NEWS - As freedom of expression is becoming more and more repressed in Thailand, human rights activists, andamongst them the head of Amnesty International Thailand, are now being targeted for having issued a report on the use of torture by officials against the population.
Freedom of expression is becoming steadily endangered
The coup d’état in 2014, which has enabled the military to gain power in the country, has led the Thai government to become more and more severe and to take restrictive measures against all dissident voices in the country. As a result, the civil society has become targeted for every complaints they might publicly express. The authorities heavily rely on the “lese-majesty” crime to entice the population to silence. Richard Bennett, director of the Asia-Pacific program in Amnesty International, criticized this use by claiming that “suppressing all debate areas and jail pacific critics by using the repressive law related to the crime of lese-majesty won’t in any way help the national reconciliation promised by the authorities”.
In March 2015, a man had been condemned to 25 years of prison for lese-majesty, as he had published on his Facebook five messages that had been judged derogatory against the king of Thailand.
In 2015, Reporters Without Borders ranked Thailand at the 134 place on 180 on its freedom of press. General Prayut Chan-O-Cha, also Prime Minister and head of the National Council for Peace and Order, had already informed in April 2015 of his intention to shut down all media which would issue negative comments towards him and/or the authorities: “I’ll only shut them down when they’ll write negative things. To this point, I never kept any articles from being published, but please, do write positive things”.
The use of torture denounced by human rights activists
As repression against freedom of expression mainly targets the Thai population, international organizations and human rights activists persist on raising awareness of the multiple abuses of human rights perpetrated by the authorities.
Somchai Homla-or, Anchana Heemmina and Pornpen Khongkachonkiet, recently appointed head of Amnesty International Thailand, are all being pursued for having investigated potential human rights violations and having issued a report on the use of torture by the Thai government on its own population: 54 cases of torture and overall cruel treatments from police or army officials in the South of the country, in which the situation remains tense, have been described at lengths.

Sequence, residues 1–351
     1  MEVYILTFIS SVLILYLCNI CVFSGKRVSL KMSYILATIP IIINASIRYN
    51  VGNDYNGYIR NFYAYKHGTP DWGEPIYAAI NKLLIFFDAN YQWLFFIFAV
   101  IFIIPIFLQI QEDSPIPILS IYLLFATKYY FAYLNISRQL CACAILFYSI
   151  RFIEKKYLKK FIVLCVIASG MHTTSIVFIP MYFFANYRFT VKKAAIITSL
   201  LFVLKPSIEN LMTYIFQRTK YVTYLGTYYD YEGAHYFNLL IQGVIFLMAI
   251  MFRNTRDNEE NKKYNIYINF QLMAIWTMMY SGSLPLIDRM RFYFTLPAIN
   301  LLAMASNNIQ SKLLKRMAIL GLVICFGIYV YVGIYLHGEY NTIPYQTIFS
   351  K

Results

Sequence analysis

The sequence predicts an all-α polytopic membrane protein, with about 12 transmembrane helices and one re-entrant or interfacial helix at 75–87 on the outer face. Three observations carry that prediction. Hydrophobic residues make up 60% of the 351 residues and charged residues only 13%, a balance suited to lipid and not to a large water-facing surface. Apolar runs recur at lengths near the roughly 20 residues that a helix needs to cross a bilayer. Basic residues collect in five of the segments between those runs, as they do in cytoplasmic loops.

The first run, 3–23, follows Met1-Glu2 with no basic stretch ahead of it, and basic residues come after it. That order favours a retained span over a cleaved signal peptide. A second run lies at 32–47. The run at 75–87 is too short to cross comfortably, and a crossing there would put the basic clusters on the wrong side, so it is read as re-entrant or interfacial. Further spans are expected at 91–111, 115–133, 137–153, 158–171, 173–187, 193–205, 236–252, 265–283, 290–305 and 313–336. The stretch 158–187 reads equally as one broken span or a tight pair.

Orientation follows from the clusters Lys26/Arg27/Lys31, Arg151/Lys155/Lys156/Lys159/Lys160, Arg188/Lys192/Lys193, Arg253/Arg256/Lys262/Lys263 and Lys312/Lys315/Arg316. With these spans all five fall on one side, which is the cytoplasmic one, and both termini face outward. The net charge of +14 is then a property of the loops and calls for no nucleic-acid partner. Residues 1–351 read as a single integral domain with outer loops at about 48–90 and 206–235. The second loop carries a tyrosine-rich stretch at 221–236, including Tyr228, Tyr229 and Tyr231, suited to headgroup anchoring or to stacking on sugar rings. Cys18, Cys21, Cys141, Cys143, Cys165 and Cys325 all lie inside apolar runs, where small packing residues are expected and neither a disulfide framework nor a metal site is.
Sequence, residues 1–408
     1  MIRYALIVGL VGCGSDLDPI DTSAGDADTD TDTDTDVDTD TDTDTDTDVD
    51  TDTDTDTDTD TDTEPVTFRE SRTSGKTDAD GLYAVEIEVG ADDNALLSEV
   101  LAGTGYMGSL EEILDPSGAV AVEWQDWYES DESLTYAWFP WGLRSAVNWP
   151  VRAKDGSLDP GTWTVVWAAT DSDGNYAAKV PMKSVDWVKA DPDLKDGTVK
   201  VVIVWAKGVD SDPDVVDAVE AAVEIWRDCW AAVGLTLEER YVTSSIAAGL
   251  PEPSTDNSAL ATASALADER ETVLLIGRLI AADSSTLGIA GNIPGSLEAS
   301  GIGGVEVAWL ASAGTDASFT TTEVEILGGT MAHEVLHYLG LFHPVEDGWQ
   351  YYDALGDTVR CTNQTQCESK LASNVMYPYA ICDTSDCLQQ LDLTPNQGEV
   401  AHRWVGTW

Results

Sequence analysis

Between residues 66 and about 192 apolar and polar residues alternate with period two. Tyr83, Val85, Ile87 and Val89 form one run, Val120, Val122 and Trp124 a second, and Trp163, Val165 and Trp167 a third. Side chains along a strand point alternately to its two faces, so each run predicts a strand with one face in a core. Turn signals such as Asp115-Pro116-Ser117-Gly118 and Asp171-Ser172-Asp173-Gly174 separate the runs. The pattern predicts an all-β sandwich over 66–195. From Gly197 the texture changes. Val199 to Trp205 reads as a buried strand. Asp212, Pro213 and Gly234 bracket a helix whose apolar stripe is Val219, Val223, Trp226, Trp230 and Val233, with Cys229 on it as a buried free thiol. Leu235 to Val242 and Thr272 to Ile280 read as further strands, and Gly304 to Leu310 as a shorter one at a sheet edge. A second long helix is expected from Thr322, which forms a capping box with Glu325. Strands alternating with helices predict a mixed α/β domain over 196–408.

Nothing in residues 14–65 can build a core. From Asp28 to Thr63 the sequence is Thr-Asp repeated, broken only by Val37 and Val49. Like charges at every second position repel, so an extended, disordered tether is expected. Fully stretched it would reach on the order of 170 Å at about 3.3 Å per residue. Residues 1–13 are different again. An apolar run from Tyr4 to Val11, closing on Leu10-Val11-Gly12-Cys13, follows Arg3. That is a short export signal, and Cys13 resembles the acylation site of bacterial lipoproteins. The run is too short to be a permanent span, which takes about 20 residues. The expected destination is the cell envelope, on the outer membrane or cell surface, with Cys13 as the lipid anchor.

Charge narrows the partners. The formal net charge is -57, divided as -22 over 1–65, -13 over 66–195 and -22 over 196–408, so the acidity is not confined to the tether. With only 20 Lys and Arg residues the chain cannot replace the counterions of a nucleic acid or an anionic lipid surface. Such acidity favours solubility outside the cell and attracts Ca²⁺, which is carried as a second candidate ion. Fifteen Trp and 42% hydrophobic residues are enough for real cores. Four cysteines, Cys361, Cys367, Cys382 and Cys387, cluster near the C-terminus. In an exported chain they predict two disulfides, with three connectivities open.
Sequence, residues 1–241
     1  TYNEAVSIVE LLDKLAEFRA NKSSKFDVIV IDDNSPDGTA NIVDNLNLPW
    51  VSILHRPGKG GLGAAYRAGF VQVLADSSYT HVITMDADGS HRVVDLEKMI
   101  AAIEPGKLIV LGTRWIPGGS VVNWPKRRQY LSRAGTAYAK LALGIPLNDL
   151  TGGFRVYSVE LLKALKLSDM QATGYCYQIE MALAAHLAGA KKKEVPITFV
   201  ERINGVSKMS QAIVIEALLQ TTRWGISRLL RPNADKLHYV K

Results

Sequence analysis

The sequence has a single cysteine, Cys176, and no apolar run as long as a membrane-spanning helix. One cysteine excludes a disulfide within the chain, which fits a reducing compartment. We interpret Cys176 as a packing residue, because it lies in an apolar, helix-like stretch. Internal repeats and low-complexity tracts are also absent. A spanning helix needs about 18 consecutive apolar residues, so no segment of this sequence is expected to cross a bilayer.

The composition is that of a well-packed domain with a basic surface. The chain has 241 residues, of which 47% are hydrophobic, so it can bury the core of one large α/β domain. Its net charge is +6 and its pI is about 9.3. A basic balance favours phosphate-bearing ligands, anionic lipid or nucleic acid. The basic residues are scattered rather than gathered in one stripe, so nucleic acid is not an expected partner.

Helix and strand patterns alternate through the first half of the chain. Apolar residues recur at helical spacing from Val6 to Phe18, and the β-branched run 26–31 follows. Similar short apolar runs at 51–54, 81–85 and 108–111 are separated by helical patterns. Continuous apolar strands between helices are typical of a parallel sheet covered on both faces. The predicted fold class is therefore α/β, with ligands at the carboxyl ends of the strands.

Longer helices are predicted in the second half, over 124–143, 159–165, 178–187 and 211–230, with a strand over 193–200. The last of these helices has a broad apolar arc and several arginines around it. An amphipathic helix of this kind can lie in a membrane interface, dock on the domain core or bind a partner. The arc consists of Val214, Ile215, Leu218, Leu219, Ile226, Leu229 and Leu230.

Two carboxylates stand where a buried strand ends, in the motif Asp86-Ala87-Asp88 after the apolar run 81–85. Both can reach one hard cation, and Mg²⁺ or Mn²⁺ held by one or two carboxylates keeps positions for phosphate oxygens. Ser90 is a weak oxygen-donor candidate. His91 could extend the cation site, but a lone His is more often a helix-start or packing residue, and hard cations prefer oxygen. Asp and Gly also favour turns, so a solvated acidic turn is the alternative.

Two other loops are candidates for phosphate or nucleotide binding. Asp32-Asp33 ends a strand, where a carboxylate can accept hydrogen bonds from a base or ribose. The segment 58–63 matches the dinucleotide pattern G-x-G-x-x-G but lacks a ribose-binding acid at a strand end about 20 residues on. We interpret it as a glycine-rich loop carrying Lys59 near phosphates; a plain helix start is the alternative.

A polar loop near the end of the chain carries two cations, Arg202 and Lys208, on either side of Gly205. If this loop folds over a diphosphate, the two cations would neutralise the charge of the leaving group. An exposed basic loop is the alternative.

This pursuit is occurring despite the fact that Thailand has signed in December 2015 a United States resolution protecting human rights activists from repression and pursuits. All three risk up to five years imprisonment as well as fines if they’re proved guilty.
Unfortunately, repression against freedom of expression seems to be a growing trend in Thailand. In the last three months, and as a project for a new Constitution must be submitted to referendum in August 2016, up to 100 people have been prosecuted for having expressed their opposition towards it.
Léa Guinet, coordinator at CIPADH
Amnesty International press release, "La Présidente d'Amnesty International Thailande et deux autres militants risquent la prison pour avoir dénoncé des actes de torture", 26 july 2016. Available at: https://www.amnesty.org/fr/latest/news/2016/07/drop-complaint-against-ai-thailand-chair/
Amnesty International press release, "Thailande: la répression de la liberté d'expression crée une spirale du silence", 9 december 2014. Available at: https://www.amnesty.org/fr/press-releases/2014/12/thailand-free-speech-crackdown-creating-spiral-silence/
Célia Garcia-Montero, "La liberté d'expression bâillonée en Thailande", La Croix, 3rd April 2015. Available at: http://www.la-croix.com/Actualite/Monde/La-liberte-d-expression-baillonnee-en-Thailande-2015-04-03-1298805